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MRI: Muscle Still Intact in Most Hamstring Hurts

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Even mild hamstring injuries—ones that involve no muscle fiber disruption detectable by MRI—still force athletes to spend a lot of time on the bench.

That’s a conclusion of a freely available new study in the February issue of the British Journal of Sports Medicine. The journal devotes much of the issue to hamstring injuries, which it describes as the most common muscle injury in sports.

This particular study followed European professional football players (in the United States, we’d call them soccer players) from July 2007 through April 2011.

Of the 207 hamstring injuries for which full MRI data were available, 27 (13 percent) were grade 0 (negative MRI, no visible abnormality), 118 (57 percent) were grade 1 (swelling but no muscle fiber distortion), 56 (27 percent) were grade 2 (partial tear), and 6 (3 percent) were grade 3 (total muscle or tendon rupture). The study notes:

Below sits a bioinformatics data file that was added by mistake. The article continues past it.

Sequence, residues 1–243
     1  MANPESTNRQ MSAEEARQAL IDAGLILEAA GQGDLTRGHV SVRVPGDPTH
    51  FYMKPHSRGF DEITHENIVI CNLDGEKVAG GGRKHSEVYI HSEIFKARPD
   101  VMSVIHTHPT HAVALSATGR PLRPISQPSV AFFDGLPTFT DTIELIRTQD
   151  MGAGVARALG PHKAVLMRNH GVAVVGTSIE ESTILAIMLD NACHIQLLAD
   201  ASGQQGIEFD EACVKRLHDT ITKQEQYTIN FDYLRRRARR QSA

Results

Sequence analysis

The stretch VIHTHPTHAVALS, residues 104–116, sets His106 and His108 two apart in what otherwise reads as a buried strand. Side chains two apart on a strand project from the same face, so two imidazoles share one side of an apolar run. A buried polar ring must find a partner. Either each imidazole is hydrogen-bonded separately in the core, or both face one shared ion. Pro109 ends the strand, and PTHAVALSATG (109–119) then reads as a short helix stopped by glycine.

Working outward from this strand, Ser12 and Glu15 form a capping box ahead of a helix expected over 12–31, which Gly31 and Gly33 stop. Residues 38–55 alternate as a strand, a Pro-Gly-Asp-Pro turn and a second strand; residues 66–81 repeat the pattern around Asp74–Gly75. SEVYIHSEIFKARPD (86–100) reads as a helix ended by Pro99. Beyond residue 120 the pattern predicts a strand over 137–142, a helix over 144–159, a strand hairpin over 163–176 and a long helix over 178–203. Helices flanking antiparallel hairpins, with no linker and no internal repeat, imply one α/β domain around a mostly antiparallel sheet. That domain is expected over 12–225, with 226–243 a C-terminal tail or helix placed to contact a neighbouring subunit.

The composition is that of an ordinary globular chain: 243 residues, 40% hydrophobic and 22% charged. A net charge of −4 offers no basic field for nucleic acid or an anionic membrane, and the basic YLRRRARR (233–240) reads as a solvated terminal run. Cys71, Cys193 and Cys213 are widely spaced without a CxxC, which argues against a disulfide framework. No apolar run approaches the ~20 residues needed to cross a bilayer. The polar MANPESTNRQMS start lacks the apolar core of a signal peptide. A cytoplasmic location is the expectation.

Two of three hamstring injuries were grade 0 or 1 injuries, showing no signs of muscle fibre disruption on MRI. Still, these injuries caused more than half of the absence days.

Weekend athletes sidelined by a “pulled hamstring” may take comfort in the fact that it happens to the pros too, even when there are no outward signs of injury.

Of the three hamstring muscles, the biceps femoris was by far the most likely to be injured. Of the 207 injuries scanned, 84 percent involved the biceps femoris, 11 percent involved the semimembranosus, and 5 percent involved the semitendinosus.

An accompanying editorial, also freely available, notes that rates of hamstring injury recurrence and reinjury have not improved over the past three decades. “This failure,” the editorial’s abstract says, “is most likely due to the following: (1) a lack of studies with high level of evidence into the identification and prevention of hamstring injuries and (2) a reductionist approach of the current literature.”

In other words, the causes of hamstring injuries are complicated and interrelated, and we need to study them more. Which we all probably already knew, but I guess sometimes it’s good to state the obvious.

Related seminar: Musculoskeletal MRI

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